The Oztent system really does not have any other similar tents in the Australian marketplace.

+: fast setup, sturdy construction; lots of accessories to customise the tent

-: low headroom; relatively small for family camping; long pack size will not fit inside most cars; expensive, particularly after you have purchased several accessories; accessories substantially increase the setup time

Swift pitch tents

These are the pop-up style tent. Throw them in the air, they pop out, a couple of pegs and you are done.

+: ultra fast setup; relatively cheap and cheerful; tent inner, fly and frame are one piece

-: small size; can suffer in wind unless guyed out; folding can be difficult (but with practice and the right technique, they are easy)

Malamoo 3-second X-tra tent -- yes, that is Bass Strait in the background!

Swags

The quintessential Australian swag has made a comeback. Swags are very popular with single blokes going bush. Some swags resemble one and two person tents with pitching systems and insect screens. Others are more traditional, in that there is the possibility of a snake seeking some warmth joining you overnight.

+: quick setup; warm; able to be rolled up with sleeping gear inside; huge range available; robust

-: limited privacy; relatively large pack size for what they are; some people may find them claustrophobic

Burke & Wills Ironbark swag

Burke & Wills Ironbark swag

Camper trailers

A large canvas tent mounted permanently on a trailer.

+: large size; can keep all your gear stored in the camping trailer; double mattress permanently left on trailer

-: expensive; often relegated to the back of camp grounds with the caravans; storage for the trailer at home; canvas needs to be looked after; some of the larger tents can take forever to set up

Hiking tents

Hiking tents are generally carried by people on multi-day hiking trips.

+: small pack size; lightweight (important when you are carrying it for several days!)

-: only small sizes available; not as robust as some other tent styles due to lightweight construction; may be expensive due to advanced materials used to minimise weight

Roof top tents

Roof top tents, as the name suggests, mount semi-permanently to the roof of the vehicle. There are several different versions and brands on the market.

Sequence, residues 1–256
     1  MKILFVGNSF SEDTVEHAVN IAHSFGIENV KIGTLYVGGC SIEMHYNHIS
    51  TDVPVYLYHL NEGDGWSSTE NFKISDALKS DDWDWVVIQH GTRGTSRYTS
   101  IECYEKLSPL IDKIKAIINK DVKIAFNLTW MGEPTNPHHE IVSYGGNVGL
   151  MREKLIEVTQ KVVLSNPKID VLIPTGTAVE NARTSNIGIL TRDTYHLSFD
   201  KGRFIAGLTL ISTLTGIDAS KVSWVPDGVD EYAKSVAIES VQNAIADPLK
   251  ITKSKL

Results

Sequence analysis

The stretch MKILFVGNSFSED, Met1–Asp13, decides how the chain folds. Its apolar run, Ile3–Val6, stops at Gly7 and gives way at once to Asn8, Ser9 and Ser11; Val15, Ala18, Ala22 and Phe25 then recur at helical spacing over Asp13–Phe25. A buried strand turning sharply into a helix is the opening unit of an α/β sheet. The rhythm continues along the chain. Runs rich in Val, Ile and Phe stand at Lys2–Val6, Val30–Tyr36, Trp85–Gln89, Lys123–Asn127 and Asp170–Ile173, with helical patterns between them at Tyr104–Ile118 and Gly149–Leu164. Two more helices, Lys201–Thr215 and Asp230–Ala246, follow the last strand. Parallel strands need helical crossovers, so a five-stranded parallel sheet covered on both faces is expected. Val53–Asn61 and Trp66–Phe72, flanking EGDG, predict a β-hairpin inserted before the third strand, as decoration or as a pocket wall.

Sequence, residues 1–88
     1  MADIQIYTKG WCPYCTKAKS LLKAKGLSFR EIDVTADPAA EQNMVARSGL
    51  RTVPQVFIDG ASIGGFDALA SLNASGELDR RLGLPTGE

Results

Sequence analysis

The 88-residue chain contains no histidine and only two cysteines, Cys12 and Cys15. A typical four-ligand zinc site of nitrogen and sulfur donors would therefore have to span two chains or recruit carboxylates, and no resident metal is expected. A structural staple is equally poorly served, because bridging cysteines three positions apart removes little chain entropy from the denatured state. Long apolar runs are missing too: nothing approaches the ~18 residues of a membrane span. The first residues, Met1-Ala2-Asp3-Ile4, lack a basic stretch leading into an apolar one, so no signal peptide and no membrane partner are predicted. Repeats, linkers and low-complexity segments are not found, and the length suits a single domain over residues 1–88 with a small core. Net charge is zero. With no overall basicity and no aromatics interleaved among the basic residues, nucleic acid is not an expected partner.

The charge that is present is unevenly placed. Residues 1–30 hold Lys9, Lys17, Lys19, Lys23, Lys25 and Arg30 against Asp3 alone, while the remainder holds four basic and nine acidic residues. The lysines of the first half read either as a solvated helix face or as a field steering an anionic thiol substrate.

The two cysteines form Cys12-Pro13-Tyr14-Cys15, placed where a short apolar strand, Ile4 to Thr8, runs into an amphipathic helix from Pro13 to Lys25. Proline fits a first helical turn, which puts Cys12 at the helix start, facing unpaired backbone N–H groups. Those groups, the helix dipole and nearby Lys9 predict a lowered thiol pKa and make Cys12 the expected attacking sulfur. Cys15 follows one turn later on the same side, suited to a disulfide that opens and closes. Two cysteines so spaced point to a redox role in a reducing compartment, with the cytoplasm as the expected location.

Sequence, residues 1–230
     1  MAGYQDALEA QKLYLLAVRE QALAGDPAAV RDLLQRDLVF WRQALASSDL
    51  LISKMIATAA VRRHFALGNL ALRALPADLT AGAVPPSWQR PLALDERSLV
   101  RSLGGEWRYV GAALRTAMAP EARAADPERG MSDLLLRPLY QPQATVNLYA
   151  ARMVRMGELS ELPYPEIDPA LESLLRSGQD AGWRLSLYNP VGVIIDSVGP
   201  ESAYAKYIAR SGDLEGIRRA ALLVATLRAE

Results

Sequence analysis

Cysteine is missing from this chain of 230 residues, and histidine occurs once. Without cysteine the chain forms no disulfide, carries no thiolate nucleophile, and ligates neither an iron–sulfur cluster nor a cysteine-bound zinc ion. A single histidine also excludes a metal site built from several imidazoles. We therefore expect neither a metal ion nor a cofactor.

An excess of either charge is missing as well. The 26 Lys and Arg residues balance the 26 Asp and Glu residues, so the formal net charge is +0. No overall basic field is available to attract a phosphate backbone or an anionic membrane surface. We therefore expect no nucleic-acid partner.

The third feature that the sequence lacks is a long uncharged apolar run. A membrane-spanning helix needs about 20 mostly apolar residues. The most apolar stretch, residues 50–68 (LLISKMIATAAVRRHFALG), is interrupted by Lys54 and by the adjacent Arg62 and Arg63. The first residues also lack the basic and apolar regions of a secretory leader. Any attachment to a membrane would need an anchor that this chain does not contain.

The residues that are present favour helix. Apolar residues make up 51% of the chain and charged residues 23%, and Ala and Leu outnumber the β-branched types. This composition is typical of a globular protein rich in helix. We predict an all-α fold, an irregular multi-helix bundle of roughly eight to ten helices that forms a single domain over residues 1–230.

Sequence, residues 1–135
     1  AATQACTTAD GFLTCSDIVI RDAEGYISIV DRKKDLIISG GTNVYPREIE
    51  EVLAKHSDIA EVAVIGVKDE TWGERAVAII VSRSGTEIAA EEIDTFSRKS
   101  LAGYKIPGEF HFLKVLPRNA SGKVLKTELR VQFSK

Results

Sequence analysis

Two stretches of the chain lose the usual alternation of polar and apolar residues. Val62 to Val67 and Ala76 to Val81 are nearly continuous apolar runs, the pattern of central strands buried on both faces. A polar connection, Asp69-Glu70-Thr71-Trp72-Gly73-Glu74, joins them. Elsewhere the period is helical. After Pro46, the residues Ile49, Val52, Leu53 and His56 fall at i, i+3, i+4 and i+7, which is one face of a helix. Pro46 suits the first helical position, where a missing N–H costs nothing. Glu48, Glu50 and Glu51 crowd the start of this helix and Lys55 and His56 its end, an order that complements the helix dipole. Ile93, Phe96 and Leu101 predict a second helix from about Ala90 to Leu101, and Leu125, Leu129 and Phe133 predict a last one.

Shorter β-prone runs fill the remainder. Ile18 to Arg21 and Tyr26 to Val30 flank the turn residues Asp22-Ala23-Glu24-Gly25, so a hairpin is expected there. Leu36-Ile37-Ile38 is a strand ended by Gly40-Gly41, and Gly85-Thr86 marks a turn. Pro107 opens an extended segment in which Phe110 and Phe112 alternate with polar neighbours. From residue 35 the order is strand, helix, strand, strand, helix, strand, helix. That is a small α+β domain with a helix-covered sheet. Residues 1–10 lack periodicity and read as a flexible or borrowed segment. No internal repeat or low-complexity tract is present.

+: generally quick setup; sleep off the ground (great for crocodile infested areas)

-: must pack up everytime you want to use the vehicle; relatively small size given the cost; adds weight and increases the centre of gravity of the vehicle

3 thoughts on “Which camping tent style is right for you?

  1. Pingback: Recommended canvas tents for your outdoor camping adventure | I Love Camping

  2. Bob

    I’ve spent a lot of time in various kinds of tents… For mountaineering or any time you have to share your tent especially back camp tent… He main thing for me is get a strong water proof one with durable poles and ( get one with 2 entry’s ) it sucks stomping over boiling billies every time you need to take a piss and during those times when you just want your own space you can each have a door way of your own… Vestibules are really a must in almost all cases as they provide a dryish area and more air space for breeze and cooking and keepin your gear out of the elements as well as providing ventelation at the same time as shade in dryer places…internal long and small handy pockets are both good ideas mostly to… A internal string running the length of the tent can be good for drying things and hanging head touches and lantons. As for car camping… Well the older I get the quicker I want my tent to erect it self Hay I said tent stop laughing bastards Ahahahahaha… I did go out and buy a cheapy pop up tent the kind that comes in a circle shape and you through in the air and POP! Instant tent… This I really like but be warned some of these kinds of tents are to short length ways and as with any tent you NEED to check out if you can fit in the thing comfortably before you buy it… That means adding sometimes 30cms or possibly slightly more to the length of your body… Remember if you touch the sides of your tent your gonna wake up wet next morning if there’s moisture outside or if you block the flow of air through the vents and sides. I reckon for car camping a good rule of thumb is if you want a pop tent even a normal dome tent get at least one size bigger then you thought example if there’s two of you get a three person tent at a minimum… I reckon for two people to be comfy in a pop tent get a 4 person pop tent for car camping that is. Most good hiking tents are made to work for the number of people specified in my experience… If your going into very remote places for longer time spans take a few lengths of tubing just a little bigger then the tent poles diameter… So if you break a pole you can put one of these little sheaves over both ends of the pole… Failing this good old stick and duck tape to the rescue. So good luck friends and remember the sun kills tents so if your going on some long trip in the desert take a steady but cheaper ten and save your Everest base camp special… Oh and if your old trusted tent zip starts to fail work very gently crimp each side (gently now) with players or whatever’s on hand. Good luck you camping maniacs. :0)